Jonathan Tobin explores for Commentary readers popular Keynesian economist Paul Krugman’s blasé response to Detroit’s bankruptcy.

Times columnist Paul Krugman is unafraid to confront conservative doomsayers head on and declare the whole thing an insignificant blip on the radar.

While Krugman is dismissed by many on the right as an ideological extremist, his point of view about the mess actually goes straight to the heart of not only the crisis in Detroit but the impending tragedy of debt that threatens every other American city and municipality. If liberals won’t face facts about Detroit, it is not because they aren’t paying attention so much as because they see the sea of debt that their policies have created as merely the natural order of things that must be accepted. As far as he is concerned, if some people are talking about Detroit being “the new Greece,” that ought to be a signal for Democrats to stop listening because he doesn’t even think the problems of that bankrupt European nation are worth worrying about. The “deficit scolds” that he now regularly flays from his perch at the Times and his sinecure at Princeton University are, he says, trying to sell the country on an austerity mindset that is not only wrong but unnecessary. But try as he might, the example of liberal governance that Detroit (and Greece) provides shows that the liberal social welfare project is a one-way path to insolvency with desperate consequences not only for taxpayers and bondholders but to the ordinary citizens that liberals purport to want to help.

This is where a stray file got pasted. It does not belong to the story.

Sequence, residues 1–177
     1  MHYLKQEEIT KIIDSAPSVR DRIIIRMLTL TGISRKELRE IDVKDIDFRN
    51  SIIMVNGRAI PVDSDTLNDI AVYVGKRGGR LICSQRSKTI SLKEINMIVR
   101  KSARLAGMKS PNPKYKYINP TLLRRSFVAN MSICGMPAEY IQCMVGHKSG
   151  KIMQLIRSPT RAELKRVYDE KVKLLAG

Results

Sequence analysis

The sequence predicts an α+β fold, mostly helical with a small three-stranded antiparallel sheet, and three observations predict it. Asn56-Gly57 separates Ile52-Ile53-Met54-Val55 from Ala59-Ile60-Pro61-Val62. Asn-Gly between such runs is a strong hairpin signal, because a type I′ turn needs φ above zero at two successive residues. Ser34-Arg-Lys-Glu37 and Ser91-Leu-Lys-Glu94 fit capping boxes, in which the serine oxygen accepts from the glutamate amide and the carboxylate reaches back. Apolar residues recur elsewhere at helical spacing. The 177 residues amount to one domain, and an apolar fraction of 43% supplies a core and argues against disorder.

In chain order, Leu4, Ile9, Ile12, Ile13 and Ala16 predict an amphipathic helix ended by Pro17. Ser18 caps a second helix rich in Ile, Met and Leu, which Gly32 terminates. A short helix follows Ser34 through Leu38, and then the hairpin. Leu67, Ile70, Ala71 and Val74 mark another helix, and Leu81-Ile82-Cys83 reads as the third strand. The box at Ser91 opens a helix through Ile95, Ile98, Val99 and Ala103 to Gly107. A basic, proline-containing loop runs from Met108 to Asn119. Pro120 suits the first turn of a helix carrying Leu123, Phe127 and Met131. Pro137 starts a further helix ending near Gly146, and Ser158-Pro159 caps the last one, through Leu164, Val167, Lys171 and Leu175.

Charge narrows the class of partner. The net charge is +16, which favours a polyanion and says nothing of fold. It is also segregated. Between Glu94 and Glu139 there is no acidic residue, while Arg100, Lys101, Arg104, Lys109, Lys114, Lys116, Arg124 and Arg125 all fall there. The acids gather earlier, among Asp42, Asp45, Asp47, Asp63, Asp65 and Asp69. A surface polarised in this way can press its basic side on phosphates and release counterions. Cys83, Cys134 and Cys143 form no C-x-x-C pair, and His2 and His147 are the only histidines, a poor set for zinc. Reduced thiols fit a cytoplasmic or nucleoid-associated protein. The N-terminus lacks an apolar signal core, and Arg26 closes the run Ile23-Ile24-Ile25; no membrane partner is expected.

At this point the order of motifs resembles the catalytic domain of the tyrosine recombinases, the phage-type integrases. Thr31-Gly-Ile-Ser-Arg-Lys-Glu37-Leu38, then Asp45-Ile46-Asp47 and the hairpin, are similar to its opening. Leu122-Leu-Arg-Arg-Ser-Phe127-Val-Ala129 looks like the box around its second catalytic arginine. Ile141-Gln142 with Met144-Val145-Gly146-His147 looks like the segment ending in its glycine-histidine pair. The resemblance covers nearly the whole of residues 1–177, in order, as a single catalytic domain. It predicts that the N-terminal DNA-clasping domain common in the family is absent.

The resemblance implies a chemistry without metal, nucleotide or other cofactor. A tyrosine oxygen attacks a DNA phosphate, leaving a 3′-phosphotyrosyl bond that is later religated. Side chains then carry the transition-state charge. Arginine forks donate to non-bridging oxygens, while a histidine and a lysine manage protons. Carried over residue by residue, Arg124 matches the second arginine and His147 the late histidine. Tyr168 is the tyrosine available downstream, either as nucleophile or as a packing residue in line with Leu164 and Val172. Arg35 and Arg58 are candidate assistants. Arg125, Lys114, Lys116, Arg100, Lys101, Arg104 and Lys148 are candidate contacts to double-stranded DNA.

Rather than confront the problem, Krugman merely says what happened in Detroit is “one of those things” that just happen in a market economy that always creates victims. He also claims that the underfunded pension obligations that threaten the future of virtually ever state, city, and municipal government in the country are no big deal. The trillion-dollar shortfall may strike Krugman as a mere detail, but Detroit may be just the first of many other large cities that will find themselves in similar predicaments.